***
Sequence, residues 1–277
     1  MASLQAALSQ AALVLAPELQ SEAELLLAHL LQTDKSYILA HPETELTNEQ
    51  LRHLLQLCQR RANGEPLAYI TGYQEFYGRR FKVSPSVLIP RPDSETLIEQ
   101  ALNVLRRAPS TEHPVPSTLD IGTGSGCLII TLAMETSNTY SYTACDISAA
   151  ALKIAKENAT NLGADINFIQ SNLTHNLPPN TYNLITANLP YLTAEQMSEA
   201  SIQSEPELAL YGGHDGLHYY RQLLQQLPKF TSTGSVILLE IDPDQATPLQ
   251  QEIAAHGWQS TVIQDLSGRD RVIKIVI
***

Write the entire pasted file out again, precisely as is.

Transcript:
Sequence, residues 1–277
     1  MASLQAALSQ AALVLAPELQ SEAELLLAHL LQTDKSYILA HPETELTNEQ
    51  LRHLLQLCQR RANGEPLAYI TGYQEFYGRR FKVSPSVLIP RPDSETLIEQ
   101  ALNVLRRAPS TEHPVPSTLD IGTGSGCLII TLAMETSNTY SYTACDISAA
   151  ALKIAKENAT NLGADINFIQ SNLTHNLPPN TYNLITANLP YLTAEQMSEA
   201  SIQSEPELAL YGGHDGLHYY RQLLQQLPKF TSTGSVILLE IDPDQATPLQ
   251  QEIAAHGWQS TVIQDLSGRD RVIKIVI